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Video Distribution: The resolution revolution

Excitement about 4K displays for IPTV, digital signage, videoconferencing and so on has resulted in heightened interest in the codecs – notably HEVC/H.265 – that make high-resolution video a practicable reality. Ian McMurray surveys the technology landscape.

At IBC (the International Broadcast Convention) last year, all the talk was of 4K – so-called Ultra HD resolution with four times as many pixels as today’s Full HD. At CES (the Consumer Electronics Show) in January, all the talk was of 4K. And at ISE? Well, it would be an exaggeration to say that no-one talked of anything else – but Planar had an 84in 4K display, and Sony was showcasing 4K in both a projector (the VPL-VW1000ES) and an LCD screen (the Bravia FWD-84X9005). Gefen unveiled new switchers/matrices that support 4K. coolux showed 4K playout on its Pandoras Box show control system.

It seems as if 4K is coming – so much so that a senior BBC executive has been quoted as saying that everyone accepts that 3D is dead so far as TV is concerned, and 4K is the future. According to reports, the BBC is filming the next series of its Survival wildlife programme in 4K.

Strange, then, that in an interview with TrustedReviews, Panasonic’s senior manager for TV said that broadcasters weren’t keen on investing in the new standard, noting that “you can’t even talk to [the BBC] about 4K”.

The biggest challenge
The key word is “investing”. It’s not just about screens – it’s about what it takes to capture, edit and transmit four times as much picture information. Of these, transmission may be the biggest challenge in a networking world that faces a continual struggle to provide all the bandwidth everyone needs – while delivering video of ever-higher quality. According to Frost & Sullivan, 2013 will see 65% of available internet bandwidth consumed by video.

And that’s where HEVC – High Efficiency Video Coding – comes in. Also known as H.265, it is the next step forward from the H.264 codec (also known as MPEG-4 Part 10/AVC for Advanced Video Coding) that is widely employed today: in fact, according to the ITU – the International Telecommunications Union, the body behind the new standard – H.264 is the codec that supports 80% of all internet video traffic.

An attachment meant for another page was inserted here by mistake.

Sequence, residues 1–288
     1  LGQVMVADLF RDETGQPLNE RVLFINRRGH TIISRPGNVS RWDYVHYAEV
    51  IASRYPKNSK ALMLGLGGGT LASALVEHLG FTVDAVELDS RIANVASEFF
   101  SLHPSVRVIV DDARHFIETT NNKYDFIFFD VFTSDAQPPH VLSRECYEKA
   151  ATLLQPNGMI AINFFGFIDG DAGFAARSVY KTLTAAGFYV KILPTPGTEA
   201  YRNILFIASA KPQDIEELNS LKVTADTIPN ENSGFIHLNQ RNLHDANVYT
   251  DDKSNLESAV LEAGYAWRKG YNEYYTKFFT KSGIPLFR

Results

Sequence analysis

Put simply, HEVC will be around twice (estimates vary) as efficient as H.264, and four times as efficient as MPEG-2 – meaning that transmitted video quality can be maintained but only half the bandwidth required by H.264 used, or video quality can be improved but using the same bandwidth as before. Without this higher level of compression, it’s hard to believe that 4K video transmission will be possible – making 4K displays irrelevant.

“HEVC will be an evolution, not a revolution,” smiles Mike Allan, chief technology officer at Exterity. “In the same way as H.264 was necessary to allow broadcasters to deliver content in HD, so HEVC will allow them to do so in Ultra HD.”

It’s tempting to believe, under the circumstances, that HEVC will sweep all before it – and that market domination is likely to happen sooner rather than later. However, the first thing to understand is that, while it has been under development since 2004, the final draft of the standard was only agreed by ITU members on 25 January this year. And, while there have been several product announcements since Ericsson launched the SVP5500, which was described as the world’s first HEVC encoder, at IBC 2012, HEVC still has a long way to go before it can be considered mainstream.

What the excitement about HEVC has done, however, is to re-focus the attention of the industry on the vital role that codecs play across a broad range of applications – videoconferencing, digital signage, security systems and IPTV are just a few.

Codec choices
“Ideally, compression technologies aim to preserve the original image detail with high quality; to maintain natural, real-time motion; and to produce little or no delay for real-time operations,” says Jean-Baptiste Lorent, product manager at Belgian image technology company intoPIX. “Codecs are always a compromise between complexity, image quality, bit rate or latency.”